Photo/IllutrationThe Tokugawa Shogunate’s official “tenkoku” seal engraving (Provided by the Tokugawa Memorial Foundation)

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The Tokugawa Shogunate’s official seal that was found 150 years after it was last used on official documents, including the 1858 Japan-U.S. Treaty of Amity and Commerce, will go on public display for the first time.

The silver “tenkoku” seal engraving will be on show at the Niigata Prefectural Museum of History in Nagaoka from Sept. 15 through Sept. 30.

The seal, which was stamped on documents alongside the signature of Tokugawa Iemochi (1846-1866), the 14th shogun of the Tokugawa Shogunate, was found in a storehouse of the residence of the Tokugawa family in Tokyo.

Known as the “Keibun Ibu,” the seal represents the shogunate’s aspiration to achieve an “ideal” form of politics with its motto, “Bun o Tateito ni Shi Bu o yokoito ni Su,” or “Let the pen be the warp and the sword be the weft.”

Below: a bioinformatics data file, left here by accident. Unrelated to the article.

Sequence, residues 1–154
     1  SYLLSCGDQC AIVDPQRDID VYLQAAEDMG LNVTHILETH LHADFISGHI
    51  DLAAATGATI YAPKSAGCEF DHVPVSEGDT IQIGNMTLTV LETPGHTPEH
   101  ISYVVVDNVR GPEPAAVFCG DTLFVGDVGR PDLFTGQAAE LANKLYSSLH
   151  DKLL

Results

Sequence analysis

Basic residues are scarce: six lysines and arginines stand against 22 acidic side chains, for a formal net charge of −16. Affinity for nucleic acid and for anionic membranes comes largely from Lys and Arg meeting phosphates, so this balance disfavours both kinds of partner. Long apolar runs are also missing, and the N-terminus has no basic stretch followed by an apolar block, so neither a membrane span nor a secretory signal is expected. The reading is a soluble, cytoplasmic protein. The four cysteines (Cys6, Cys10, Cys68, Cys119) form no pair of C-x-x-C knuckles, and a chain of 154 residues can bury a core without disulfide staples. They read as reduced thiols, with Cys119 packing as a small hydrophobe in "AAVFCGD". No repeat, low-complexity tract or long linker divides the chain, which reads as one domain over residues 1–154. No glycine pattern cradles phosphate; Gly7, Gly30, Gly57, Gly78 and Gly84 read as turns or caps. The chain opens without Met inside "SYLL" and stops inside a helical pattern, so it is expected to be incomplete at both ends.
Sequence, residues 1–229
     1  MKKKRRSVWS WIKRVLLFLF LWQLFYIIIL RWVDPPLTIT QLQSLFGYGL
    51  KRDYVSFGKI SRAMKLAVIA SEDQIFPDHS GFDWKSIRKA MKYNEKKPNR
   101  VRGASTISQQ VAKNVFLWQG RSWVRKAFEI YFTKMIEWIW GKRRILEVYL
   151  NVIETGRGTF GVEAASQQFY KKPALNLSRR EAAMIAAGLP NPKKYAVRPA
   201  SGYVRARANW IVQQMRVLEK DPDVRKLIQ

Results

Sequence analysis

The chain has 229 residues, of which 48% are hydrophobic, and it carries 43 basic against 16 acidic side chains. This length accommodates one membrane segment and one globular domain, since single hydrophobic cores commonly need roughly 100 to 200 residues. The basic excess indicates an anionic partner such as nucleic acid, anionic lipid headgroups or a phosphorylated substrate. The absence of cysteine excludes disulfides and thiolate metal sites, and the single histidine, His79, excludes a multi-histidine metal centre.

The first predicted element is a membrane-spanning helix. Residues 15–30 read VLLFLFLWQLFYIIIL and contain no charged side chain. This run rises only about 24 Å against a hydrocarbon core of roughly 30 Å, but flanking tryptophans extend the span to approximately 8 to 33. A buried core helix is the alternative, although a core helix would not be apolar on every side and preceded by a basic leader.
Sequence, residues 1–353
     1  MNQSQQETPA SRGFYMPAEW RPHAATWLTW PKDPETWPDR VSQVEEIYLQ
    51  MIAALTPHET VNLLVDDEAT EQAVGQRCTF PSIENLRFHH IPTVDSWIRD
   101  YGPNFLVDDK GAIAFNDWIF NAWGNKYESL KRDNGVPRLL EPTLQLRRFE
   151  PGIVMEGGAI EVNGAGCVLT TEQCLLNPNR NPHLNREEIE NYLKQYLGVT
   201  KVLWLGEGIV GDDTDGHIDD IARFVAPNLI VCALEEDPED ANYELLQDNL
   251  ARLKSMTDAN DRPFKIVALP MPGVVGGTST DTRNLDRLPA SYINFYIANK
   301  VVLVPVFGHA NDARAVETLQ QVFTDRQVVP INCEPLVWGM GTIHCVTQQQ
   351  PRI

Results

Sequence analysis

“The seal exudes Shogun Iemochi’s strong will to take on the responsibility of foreign diplomacy as head of state of Japan, because the shogun consciously ordered a special silver seal to be made for ratifying foreign diplomatic documents,” said Iehiro Tokugawa, an executive board member of the Tokugawa Memorial Foundation headed by director Tsunenari Tokugawa.

The square seal, 9.2 centimeters in length and width and weighing 2.7 kilograms, had been kept in a “nagamochi” oblong chest that was used to store furnishings.

The historical gem that spent more than a century and a half out of view came to light about 18 months ago when the storehouse in the residence's garden was demolished. The nagamochi was placed in the innermost storehouse, according to the foundation that now keeps the seal.

The seal was engraved by Masuda Koen, a tenkoku craftsman, at the request of the Tokugawa Shogunate in 1857.

The seal was affixed in 1859 on ratification documents of the Treaty of Amity and Commerce that Japan had concluded in succession in 1858 with the United States, Britain and France.

It also made its mark in 1867 on a document ratifying the Japan-Denmark Treaty of Friendship, Commerce and Navigation, which was concluded in 1866.

It has also been confirmed that the seal was also stamped by Tokugawa Yoshinobu (1837-1913), the 15th and last shogun of the Edo Period (1603-1867), as well as by Iemochi.